Words of the day: fichu, chemisette and fraise

Elizabeth Huntington wearing a fichu, by Simon Fitch (Huntington Museum)

Fichu:  (French) From the past participle of ficher, to fix.  Indicates a light-weight kerchief folded into a triangle and fixed either with a knot or pin in the front (think a very small, triangular shawl).  Alternatively, it could be tucked into the bodice of the gown.  Used to hide excessive décolleté  in day gowns and to keep the neck and chest warm in cold weather as well as for decorative purposes.  Fichus were made of linen, silk or lace and could be decorated with lace or embroidery.  In Pride and Prejudice 1995 Jane Bennet (played by Susannah Harker) frequently wore fichus.

Countess Bucquoi wearing a chemisette, 1793, by Marie Louise Elisabeth Vigée-LeBrun

A similar article of clothing would be the chemisette (French, diminutive for shirt, “little shirt”), a partial shirt (with or without a collar) worn under a gown and tied under the bodice (at the waistline of Regency and Empire gowns) to keep it in place.  Also known as a tucker in England.  This article of clothing served the same purpose as the fichu: to fill in a low bodice for a more modest or decorative daytime look.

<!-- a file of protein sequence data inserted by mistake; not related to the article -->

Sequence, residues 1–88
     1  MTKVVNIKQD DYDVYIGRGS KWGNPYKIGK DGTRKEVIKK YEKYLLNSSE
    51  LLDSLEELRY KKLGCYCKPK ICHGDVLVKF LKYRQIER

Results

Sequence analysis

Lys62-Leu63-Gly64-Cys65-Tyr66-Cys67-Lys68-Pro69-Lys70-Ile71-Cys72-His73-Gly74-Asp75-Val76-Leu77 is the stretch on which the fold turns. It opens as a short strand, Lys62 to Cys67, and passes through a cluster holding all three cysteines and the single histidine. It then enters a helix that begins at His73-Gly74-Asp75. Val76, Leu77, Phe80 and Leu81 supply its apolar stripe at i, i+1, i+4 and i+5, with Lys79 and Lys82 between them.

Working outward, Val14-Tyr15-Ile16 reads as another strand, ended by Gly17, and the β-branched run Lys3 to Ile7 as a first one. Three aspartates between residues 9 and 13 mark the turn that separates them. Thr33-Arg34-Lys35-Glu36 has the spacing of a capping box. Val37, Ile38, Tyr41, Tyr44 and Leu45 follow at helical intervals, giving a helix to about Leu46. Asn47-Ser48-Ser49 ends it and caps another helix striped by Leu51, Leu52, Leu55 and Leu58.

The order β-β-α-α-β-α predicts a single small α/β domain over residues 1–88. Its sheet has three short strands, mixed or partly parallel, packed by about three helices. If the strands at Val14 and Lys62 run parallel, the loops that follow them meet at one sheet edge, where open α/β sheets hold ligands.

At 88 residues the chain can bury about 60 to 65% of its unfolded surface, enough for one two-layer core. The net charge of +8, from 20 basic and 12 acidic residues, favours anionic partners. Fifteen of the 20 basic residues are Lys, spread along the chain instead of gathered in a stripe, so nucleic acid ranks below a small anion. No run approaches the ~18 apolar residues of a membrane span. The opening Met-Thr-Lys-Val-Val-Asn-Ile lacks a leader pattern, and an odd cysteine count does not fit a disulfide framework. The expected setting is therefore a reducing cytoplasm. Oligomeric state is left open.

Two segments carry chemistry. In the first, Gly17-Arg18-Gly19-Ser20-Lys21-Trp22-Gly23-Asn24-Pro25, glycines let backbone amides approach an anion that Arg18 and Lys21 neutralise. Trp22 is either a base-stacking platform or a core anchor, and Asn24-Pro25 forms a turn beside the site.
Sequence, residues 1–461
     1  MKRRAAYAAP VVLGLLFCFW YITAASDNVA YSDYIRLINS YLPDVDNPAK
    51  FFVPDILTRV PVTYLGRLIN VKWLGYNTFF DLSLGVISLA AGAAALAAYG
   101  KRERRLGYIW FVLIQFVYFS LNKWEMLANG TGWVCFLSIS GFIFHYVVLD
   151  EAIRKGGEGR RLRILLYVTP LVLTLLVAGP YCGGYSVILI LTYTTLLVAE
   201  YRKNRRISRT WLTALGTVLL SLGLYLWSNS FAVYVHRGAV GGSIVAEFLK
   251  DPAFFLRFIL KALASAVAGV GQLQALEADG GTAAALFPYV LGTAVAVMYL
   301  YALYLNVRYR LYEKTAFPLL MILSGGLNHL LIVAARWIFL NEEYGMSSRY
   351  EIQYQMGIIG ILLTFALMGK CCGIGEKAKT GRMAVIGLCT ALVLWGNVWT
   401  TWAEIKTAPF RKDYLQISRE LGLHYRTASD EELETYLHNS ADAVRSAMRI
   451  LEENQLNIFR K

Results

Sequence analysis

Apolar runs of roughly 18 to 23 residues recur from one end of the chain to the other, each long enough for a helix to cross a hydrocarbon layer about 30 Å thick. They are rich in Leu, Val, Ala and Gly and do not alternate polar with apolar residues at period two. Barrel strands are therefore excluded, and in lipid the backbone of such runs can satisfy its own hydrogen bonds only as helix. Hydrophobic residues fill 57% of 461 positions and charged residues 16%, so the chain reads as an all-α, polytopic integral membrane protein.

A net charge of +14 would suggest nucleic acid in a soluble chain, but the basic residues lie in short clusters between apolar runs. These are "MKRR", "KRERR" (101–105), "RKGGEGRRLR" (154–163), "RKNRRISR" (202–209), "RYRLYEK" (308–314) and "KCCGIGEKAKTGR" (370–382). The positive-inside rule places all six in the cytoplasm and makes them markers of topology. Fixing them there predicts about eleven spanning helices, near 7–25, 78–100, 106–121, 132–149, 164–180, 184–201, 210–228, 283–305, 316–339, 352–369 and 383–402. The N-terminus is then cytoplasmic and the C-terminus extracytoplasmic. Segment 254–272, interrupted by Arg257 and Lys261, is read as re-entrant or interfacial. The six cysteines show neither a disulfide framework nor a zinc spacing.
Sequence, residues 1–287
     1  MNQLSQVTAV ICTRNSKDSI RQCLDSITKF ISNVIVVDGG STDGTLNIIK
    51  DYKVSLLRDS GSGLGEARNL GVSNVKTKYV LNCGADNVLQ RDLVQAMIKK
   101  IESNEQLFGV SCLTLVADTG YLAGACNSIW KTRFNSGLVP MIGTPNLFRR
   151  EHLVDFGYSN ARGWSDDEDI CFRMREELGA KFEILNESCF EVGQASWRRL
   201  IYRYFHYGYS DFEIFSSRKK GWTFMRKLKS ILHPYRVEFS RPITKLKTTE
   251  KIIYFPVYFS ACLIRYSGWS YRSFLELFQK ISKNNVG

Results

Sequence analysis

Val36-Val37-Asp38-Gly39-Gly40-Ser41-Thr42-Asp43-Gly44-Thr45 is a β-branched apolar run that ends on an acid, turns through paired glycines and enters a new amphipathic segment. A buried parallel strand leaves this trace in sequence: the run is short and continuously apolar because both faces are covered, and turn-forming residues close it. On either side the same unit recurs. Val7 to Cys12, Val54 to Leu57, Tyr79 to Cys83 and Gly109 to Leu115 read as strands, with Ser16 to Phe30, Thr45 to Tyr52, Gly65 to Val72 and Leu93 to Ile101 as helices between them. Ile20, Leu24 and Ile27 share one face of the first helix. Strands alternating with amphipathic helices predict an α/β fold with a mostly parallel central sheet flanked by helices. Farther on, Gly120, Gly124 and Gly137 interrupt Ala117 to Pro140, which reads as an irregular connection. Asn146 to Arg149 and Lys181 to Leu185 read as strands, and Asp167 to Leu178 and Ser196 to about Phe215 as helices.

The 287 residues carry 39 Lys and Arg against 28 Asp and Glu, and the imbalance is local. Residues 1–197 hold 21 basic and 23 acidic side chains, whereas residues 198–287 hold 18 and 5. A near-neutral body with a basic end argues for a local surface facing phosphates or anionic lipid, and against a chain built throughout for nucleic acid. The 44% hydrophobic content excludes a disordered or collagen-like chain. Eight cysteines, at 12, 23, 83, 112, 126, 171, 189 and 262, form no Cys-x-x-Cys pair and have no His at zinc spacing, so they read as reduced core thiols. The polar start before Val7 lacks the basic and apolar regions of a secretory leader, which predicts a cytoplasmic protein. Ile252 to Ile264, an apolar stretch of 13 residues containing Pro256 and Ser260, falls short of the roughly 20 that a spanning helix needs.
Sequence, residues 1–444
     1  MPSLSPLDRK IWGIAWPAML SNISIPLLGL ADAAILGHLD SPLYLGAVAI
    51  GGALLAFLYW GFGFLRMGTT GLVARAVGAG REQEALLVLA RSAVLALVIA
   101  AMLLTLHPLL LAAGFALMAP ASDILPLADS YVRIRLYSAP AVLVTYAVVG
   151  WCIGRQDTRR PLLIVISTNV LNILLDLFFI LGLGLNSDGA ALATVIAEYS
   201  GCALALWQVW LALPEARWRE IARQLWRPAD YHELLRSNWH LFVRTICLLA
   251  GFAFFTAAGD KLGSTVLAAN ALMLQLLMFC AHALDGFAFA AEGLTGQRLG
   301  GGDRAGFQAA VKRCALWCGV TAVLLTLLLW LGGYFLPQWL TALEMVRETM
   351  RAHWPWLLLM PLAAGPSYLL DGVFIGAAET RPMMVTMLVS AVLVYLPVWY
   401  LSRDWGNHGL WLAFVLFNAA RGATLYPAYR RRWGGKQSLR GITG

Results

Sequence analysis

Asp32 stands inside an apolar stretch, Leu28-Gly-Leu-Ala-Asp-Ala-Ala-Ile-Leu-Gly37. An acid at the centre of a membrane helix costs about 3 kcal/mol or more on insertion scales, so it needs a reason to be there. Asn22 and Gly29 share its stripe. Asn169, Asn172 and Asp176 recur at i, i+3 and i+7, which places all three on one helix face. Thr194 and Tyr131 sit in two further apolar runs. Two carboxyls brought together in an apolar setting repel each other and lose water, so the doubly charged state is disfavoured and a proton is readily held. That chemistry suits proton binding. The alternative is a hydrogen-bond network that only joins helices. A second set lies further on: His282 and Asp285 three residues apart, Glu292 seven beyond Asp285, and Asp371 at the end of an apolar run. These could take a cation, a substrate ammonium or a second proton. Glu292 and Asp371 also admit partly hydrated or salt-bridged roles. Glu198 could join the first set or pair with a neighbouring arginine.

The chemisette was not the same as a chemise (French: shirt), which was an article of underclothing; a loose shirt worn under stays.  The purpose of the chemise was comfort and to keep the outer clothing free of perspiration.   It was a simple garment shaped like a T with short sleeves, underarm gussets for free movement, and a simple drawstring neckline which could be adjusted as needed for the bodice of the outer gown.

Lady Elgin wearing a fraise over a chemisette, 1804, by François Gérard

The last neckline decoration worn in the 18th and 19th Centuries which I want to mention was the fraise (French (archaic): neck ruff).  The modern meaning of fraise is “strawberry” but the original meaning was an embankment for protection from attack (i.e. rampart).  The same term would have been used for the rigid ruffs worn in the 16th Century, but the Georgian and Regency version was made of several soft layers of lace which came up high on the neck.  They were most popular with older women, who liked the way the fraise would disguise a double chin.